Too much has been made of the Seahawks pending “salary cap doom” that will occur when Wilson is re-signed. Seattle did what they had to do last season by releasing a number of veterans and trading malcontent Percy Harvin and his bloated salary off the team to ensure that at least the next two seasons will be ok in terms of cap constraints. Other than Maxwell there are really no home grown free agents that can really change their flexibility either.
Seattle can definitely use another wide receiver or athletic tight end to add to the mix. Seattle is going to want explosive players and guys capable of making those big plays when the ball is thrown their way. I think Jordan Cameron is a natural fit for the team and worth the risk unless the costs get excessive. He can complement the players they already have on the team.
I know most people do not feel as if the team will be in play for a big wide receiver, but they had allocated millions of dollars to Harvin just two years ago and planned on him being an important part of the mix this season. Both Jeremy Maclin and Torrey Smith would be two free agents that would fit the bill. Smith doesn’t have the best of hands, but he would lighten the load for Doug Baldwin and make the overall group more effective.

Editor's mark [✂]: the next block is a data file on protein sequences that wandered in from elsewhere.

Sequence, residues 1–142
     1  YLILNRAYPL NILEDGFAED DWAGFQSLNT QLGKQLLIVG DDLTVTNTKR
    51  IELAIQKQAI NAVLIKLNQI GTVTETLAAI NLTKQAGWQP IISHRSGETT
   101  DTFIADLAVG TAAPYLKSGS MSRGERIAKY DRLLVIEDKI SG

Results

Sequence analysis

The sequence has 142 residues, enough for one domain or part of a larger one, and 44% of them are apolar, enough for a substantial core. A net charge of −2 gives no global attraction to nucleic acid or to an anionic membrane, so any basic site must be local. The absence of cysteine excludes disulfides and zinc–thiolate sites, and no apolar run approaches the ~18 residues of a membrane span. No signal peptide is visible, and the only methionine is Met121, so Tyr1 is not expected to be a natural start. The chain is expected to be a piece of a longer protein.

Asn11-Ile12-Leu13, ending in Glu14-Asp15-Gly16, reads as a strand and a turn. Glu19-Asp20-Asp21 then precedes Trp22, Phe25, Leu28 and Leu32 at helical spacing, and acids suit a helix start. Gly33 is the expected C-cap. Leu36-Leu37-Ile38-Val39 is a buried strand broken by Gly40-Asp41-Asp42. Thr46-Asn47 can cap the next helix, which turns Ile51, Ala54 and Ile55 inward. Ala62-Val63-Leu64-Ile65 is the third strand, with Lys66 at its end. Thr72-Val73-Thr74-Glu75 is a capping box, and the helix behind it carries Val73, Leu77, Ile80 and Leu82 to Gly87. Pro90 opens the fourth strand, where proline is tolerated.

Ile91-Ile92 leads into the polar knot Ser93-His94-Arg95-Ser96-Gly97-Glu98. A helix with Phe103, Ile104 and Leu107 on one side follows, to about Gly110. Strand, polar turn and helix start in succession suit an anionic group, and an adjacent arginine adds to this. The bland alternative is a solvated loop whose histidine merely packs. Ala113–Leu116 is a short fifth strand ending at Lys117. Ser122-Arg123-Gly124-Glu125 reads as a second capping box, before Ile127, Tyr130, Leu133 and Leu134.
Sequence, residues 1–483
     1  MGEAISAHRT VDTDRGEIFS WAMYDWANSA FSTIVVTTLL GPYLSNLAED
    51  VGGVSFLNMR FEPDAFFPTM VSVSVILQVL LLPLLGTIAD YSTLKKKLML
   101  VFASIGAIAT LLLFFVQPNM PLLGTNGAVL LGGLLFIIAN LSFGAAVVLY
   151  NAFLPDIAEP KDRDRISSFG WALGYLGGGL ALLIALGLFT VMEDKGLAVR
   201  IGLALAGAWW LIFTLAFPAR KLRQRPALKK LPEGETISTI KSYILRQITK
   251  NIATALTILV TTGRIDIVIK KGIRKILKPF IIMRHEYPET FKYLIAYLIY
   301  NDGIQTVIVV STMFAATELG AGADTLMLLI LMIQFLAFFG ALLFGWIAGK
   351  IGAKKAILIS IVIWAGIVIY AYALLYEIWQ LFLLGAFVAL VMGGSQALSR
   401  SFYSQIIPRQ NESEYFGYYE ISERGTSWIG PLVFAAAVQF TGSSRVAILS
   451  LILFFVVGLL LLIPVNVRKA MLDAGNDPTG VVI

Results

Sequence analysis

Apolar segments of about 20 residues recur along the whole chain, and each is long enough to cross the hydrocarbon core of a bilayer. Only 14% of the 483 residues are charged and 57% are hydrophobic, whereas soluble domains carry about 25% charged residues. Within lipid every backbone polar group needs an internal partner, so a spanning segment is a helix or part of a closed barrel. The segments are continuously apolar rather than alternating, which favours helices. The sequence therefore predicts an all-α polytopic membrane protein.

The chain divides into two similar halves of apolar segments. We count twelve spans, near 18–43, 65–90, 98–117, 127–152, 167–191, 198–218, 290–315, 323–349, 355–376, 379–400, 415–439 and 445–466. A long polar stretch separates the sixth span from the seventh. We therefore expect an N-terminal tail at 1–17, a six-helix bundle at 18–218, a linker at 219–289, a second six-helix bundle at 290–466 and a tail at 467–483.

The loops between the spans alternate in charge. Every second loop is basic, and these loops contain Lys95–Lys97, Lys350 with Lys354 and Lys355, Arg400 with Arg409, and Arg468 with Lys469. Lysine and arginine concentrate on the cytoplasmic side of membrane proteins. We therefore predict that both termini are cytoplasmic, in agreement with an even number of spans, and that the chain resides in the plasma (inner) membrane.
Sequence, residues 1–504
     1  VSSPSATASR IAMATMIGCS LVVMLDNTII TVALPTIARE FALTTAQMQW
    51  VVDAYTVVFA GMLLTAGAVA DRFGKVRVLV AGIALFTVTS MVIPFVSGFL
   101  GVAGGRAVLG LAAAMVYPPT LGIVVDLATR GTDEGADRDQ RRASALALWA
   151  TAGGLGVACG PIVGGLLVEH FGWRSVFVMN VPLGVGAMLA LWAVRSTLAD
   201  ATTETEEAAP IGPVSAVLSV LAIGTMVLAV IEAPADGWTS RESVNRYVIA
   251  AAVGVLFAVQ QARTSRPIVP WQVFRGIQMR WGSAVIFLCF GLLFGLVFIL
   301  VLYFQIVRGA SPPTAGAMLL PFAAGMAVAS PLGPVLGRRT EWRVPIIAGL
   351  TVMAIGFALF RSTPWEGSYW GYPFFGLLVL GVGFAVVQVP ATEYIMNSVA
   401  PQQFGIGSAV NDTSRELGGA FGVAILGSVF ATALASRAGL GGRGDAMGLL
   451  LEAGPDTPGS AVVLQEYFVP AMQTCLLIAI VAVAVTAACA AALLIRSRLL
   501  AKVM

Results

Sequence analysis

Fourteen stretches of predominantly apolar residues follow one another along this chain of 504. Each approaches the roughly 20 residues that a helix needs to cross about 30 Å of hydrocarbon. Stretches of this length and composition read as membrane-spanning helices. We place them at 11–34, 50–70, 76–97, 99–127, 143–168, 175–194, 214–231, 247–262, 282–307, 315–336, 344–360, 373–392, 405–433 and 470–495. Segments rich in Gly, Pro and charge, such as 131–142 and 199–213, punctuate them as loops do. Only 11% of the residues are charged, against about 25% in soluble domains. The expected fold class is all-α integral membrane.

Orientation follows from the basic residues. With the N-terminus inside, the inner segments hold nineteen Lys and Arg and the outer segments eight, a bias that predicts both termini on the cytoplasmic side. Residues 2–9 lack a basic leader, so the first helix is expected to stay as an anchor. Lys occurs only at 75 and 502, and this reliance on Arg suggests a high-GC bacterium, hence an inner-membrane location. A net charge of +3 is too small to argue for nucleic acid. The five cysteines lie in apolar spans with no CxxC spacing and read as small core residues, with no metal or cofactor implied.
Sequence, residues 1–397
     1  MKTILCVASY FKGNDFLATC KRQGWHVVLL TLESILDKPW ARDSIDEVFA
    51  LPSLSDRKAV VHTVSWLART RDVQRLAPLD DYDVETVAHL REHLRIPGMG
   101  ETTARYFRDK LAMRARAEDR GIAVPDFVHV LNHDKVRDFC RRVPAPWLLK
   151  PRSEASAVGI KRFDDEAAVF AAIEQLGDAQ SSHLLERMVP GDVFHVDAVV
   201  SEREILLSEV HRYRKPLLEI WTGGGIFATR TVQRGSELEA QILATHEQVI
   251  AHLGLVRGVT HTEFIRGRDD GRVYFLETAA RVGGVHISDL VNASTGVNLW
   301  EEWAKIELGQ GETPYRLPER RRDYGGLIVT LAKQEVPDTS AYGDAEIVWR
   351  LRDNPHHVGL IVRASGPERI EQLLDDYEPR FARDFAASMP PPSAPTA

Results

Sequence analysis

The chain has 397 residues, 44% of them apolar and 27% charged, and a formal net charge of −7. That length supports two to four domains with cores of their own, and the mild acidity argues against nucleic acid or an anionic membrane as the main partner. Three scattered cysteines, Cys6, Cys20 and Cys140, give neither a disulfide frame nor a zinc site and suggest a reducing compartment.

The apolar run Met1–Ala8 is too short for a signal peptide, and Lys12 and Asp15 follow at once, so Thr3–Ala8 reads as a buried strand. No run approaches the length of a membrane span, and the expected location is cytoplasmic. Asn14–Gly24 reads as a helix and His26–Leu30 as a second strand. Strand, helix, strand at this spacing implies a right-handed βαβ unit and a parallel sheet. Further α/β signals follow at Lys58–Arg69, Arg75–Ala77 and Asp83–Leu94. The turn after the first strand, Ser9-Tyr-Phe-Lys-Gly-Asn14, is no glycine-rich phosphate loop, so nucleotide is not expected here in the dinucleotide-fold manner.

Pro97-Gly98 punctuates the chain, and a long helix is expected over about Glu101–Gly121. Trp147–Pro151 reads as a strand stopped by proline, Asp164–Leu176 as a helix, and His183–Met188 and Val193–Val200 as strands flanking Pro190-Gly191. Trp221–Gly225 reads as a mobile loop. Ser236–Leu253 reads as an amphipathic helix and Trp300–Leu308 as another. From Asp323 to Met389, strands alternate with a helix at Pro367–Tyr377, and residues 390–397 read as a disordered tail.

Defensively they should be able to find a moderate cost defensive tackle this year. Names like Melton, Paea, Peters, Knighton, etc… are all available and come at a cost lower than the savings realized on releasing Mebane and McDaniel. They should be able to find an all around performer that aids in run and pass.
When it comes to the draft I would anticipate the process of adding to the offensive line and finding some young guys to potentially replace some of the players who may be gone in the coming seasons. I would not discount the possibility of using free agency to find a player, as there are some good interior lineman and right tackles out there, but I think the draft is the best way to go for the long term. They should be able to find some defensive lineman to groom behind the starters as well.
If you are not a fan of the Seahawks it is scary to see how the team is positioned. In a salary cap era this looks to be one of the rare teams that really has the ability to keep an extensive core of players together for a 3 or 4 year window. While other teams have been successful, names the Patriots, those teams are few and far between. Though the Super Bowl was lost in a heartbreaking fashion the Seahawks should remain one of the top teams in the NFL for the foreseeable future.
Seahawks Salary Cap Pages
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Jason is the founder of OTC and has been studying NFL contracts and the salary cap for over 15 years. Jason has co-authored two books about the NFL, Crunching Numbers and the Drafting Stage, which are widely circulated in the industry and hosts the OTC Podcast. Jason’s work has been featured in various publications including the Sporting News, Sports Illustrated, NFL Network and more. OTC is widely considered the leading authority on contract matters in the NFL.